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  • Tags: War
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Addams argues that if the rulers of European countries lived among their people, they would see that labor and commerce were what made nations, not its military might.
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Newspaper excerpt of Addams' speech at the Ethical Culture Society, criticizing the buildup of armaments.
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Addams discusses the problem of inducing people to engage with the peace movement rather than following more nationalistic and warlike activities.
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Addams offers a substitute for war involving guidance rather than violence.
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Coffin writes Addams about his confusion that she, as an advocate for peace, would endorse a presidential candidate who extols the virtues of the military and of war.
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Jane thanks Mr. Gilder for donating poetry books to Hull-House.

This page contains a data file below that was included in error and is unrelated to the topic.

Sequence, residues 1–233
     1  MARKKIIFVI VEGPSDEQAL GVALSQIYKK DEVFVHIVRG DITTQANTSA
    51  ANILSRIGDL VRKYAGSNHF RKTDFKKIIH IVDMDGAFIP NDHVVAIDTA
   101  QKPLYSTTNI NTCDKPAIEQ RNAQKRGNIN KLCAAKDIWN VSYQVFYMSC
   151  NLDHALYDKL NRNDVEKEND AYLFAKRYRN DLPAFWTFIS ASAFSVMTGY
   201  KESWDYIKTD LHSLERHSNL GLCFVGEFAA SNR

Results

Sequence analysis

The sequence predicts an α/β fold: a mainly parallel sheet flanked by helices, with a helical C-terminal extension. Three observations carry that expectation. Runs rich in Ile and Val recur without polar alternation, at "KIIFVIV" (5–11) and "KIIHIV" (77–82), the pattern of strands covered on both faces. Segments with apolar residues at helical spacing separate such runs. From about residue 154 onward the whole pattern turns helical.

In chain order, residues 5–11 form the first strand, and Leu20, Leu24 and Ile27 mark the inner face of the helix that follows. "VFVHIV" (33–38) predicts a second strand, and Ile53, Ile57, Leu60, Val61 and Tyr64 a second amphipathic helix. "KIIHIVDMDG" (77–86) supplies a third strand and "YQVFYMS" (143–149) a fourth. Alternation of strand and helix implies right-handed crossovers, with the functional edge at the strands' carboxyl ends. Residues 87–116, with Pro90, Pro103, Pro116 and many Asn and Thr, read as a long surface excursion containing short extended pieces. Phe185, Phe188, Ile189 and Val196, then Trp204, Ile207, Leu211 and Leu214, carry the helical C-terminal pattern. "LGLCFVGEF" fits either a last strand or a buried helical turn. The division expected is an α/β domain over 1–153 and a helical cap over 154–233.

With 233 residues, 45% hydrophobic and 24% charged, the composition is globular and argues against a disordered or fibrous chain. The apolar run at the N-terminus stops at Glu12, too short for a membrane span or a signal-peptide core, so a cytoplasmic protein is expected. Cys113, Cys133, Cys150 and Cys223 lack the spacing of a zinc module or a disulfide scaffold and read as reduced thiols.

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Addams thanks Moody for his recent poem, "On the Soldier Fallen in the Philippines," published in the Atlantic and discusses her inadequate reaction to the war dead.
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Jones reacts to an article that Addams sent him on the Progressive Party, focusing on her statements about African Americans and the peace movement.
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Van Hook writes Addams about her missionary work in Persia and the suffering of the people there.
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Addams' speech to the first National Arbitration and Peace Congress of America, given in New York at an evening session at Carnegie Hall. Addams discusses a rejection of warfare and military might as the only means to display patriotism, suggesting…
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Stenographic transcription of Addams' speech to the National Arbitration and Peace Congress in New York City. Addams discusses a rejection of warfare and military might as the only way of displaying patriotism, suggesting instead that we seek…
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Addams' speech to the first National Arbitration and Peace Congress of America, given in New York at an evening session at Carnegie Hall. Addams discusses a rejection of warfare and military might as the only means to display patriotism, suggesting…